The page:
Dozens of people in the Indianapolis area have the potential and the interest to become angel investors in the next few years.
Here are some examples:
founder, Haverstick Consulting Inc.
With angel assistance from former Conseco Inc. executives Rollin Dick and Stephen Hilbert, Bates built Haverstick into a $100-million-a-year security consulting firm. It was sold to Kratos Defense & Security Solutions in the San Diego area, and now the 56-year-old Bates has left the company and sees a dearth of capital flowing to local startups.
former CEO, Angel Learning Inc.
Clapp reaped a windfall when the education software firm he led, Angel Learning, was sold a year ago for $100 million. He’s since joined the boards of PolicyStat LLC and BlueLock LLC, and is “selectively evaluating” opportunities to invest in software and technology.
founding partner, Developer Town LLC
Serial entrepreneur Cloran, 41, is mixing software and angel investing in his newest company, Developer Town, which not only builds custom software for startups, but also organizes outside angel investors to inject infusions into the startups.
president, Bell-Horn Inc.
Katz started a company with a $500 advance on a credit card and then bought the nation’s oldest orthopedic company, Bell-Horn, and merged the outfits. The 40-year-old envisions investing in life sciences and orthopedics startups. “There are a lot of good ideas out there,” he said.
CEO, ImmuneWorks Inc.
With a past in marketing at Eli Lilly and Co. and managing the Indiana Health Industry Forum trade association, 53-year-old Lange now may be poised for a payday with ImmuneWorks, which is developing therapies for autoimmune diseases—if human trials succeed and an exit plan through partner Lung Rx goes through.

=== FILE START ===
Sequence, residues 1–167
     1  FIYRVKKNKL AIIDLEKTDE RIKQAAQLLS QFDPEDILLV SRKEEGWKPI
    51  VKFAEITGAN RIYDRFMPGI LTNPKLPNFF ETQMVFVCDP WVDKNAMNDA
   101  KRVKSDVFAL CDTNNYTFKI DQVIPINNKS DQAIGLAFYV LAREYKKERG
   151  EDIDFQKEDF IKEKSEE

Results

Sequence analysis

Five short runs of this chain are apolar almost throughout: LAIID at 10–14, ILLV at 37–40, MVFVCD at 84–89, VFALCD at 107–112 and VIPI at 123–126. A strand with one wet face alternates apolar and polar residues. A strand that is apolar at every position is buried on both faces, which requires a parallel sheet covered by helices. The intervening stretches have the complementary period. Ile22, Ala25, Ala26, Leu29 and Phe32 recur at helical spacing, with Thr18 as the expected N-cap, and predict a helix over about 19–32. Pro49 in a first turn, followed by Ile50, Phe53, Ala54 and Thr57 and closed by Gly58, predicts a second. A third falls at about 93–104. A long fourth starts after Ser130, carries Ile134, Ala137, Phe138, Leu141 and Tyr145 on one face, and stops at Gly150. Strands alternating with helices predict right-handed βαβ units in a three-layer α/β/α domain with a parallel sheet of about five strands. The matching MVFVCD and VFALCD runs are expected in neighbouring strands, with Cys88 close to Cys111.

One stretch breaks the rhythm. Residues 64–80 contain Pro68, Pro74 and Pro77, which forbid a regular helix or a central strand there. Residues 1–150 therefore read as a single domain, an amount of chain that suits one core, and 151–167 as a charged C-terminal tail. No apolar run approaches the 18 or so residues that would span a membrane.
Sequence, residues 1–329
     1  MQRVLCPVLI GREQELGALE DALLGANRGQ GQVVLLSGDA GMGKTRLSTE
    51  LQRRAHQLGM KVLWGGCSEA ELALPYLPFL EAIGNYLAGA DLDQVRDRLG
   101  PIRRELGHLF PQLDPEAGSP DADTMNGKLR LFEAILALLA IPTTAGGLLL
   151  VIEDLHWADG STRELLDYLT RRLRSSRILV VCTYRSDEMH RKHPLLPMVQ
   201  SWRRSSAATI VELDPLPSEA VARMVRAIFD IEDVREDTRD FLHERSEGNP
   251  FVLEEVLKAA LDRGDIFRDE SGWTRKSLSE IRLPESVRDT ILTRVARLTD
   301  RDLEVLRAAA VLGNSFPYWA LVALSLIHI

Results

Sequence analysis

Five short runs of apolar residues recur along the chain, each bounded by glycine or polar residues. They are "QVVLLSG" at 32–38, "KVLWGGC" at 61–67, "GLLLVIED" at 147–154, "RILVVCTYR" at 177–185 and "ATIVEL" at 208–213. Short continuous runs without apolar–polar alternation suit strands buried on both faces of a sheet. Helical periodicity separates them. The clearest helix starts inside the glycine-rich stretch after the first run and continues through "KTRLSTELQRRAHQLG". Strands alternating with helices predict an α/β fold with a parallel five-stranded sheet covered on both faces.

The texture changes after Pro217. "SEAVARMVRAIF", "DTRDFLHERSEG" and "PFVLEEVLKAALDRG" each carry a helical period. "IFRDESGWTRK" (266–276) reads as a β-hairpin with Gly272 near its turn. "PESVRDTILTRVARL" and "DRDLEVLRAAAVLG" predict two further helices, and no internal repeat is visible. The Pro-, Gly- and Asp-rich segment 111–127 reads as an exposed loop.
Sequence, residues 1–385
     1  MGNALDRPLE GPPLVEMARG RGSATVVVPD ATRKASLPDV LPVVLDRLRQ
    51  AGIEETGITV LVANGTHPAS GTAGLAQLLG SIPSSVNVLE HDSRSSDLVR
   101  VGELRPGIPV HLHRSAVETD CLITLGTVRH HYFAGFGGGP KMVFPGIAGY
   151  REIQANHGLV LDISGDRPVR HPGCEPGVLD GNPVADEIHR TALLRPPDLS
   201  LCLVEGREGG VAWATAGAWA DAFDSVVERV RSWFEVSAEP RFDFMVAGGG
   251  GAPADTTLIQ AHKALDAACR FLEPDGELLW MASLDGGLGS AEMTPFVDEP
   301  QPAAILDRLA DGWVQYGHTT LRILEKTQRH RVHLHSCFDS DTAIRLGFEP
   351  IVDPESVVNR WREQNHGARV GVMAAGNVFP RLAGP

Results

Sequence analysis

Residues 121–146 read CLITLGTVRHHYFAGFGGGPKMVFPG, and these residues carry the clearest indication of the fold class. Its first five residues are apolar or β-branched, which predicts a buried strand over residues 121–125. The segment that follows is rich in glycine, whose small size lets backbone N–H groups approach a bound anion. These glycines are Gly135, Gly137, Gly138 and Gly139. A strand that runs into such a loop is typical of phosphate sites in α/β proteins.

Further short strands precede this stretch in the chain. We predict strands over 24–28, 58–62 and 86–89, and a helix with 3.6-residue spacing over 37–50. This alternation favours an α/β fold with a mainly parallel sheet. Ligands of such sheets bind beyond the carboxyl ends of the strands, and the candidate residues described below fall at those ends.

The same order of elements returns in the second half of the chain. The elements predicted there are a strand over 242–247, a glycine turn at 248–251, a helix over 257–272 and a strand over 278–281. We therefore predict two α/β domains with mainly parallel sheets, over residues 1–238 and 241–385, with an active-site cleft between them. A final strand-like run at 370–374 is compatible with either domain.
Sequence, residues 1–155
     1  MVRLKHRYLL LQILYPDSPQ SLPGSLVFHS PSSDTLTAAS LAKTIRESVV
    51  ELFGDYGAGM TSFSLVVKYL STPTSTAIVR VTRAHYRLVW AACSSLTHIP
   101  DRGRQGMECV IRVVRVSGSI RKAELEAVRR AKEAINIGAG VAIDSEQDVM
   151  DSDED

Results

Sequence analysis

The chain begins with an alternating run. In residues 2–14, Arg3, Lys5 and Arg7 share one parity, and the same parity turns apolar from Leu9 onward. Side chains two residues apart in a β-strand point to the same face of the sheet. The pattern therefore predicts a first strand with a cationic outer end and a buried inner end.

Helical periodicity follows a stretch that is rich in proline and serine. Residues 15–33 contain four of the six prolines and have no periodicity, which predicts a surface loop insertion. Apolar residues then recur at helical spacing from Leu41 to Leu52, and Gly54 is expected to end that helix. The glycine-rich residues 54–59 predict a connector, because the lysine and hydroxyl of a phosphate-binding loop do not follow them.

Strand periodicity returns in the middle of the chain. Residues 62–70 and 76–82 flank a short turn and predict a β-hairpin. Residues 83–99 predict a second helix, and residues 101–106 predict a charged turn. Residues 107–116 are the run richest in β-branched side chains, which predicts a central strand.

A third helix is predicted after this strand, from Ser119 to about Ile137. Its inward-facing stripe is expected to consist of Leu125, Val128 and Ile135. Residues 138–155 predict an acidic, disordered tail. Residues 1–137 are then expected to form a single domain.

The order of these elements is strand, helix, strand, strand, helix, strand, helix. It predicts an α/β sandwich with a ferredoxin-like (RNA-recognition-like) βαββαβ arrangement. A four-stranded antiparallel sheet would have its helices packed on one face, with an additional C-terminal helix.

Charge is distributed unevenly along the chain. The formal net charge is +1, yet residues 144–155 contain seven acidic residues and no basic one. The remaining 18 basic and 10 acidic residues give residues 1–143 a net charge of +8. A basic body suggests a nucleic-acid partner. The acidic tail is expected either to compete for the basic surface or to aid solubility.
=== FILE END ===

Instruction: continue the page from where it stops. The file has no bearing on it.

Muldoon, 46, has accumulated a phalanx of experience with entrepreneurial companies through his advisory role at the Indiana Venture Center, and now through FastDiagnostics, which is developing a kit to test kidneys. About a fourth of the $6 million FastDiagnostics has raised has come from angels. “I’m absolutely not in a position now,” Muldoon said. He would be, though, if FastDiagnostics takes off.
CEO, Angie’s List LLC
Oesterle, a former venture capitalist, says there are no exit plans for Angie’s List or a couple of other ventures in which he is involved, so he doesn’t expect to be an angel investor soon. However, he added that someday, “If I find an entrepreneur I really like, I’d always be interested in helping out.”
Dr. John Oscherwitz
pathologist, AmeriPath Indiana
Oscherwitz is dipping his toes into angel investing with investments in a Silicon Valley tech firm and a for-profit hospital in China. If those deals pan out, Oscherwitz intends to recycle profits into other companies, possibly in the Indianapolis area.
CEO, BlueLock LLC
Qualls, 41, has been mentored by angels, and he wants to give back if he can reap a windfall from BlueLock, a cloud computing firm. Qualls likes tech. But in recent months he likes other “very, very intriguing” ideas. “The service industry is lacking some real quality leadership,” he says.
chief financial officer, T2 Systems Inc.
With an equity stake in the parking software firm, 43-year-old Zaloudek hopes for a windfall to catapult him into angel ranks. He also anticipates serving as an adviser to budding companies, saying, “Entrepreneurs are just an amazing breed of people.”•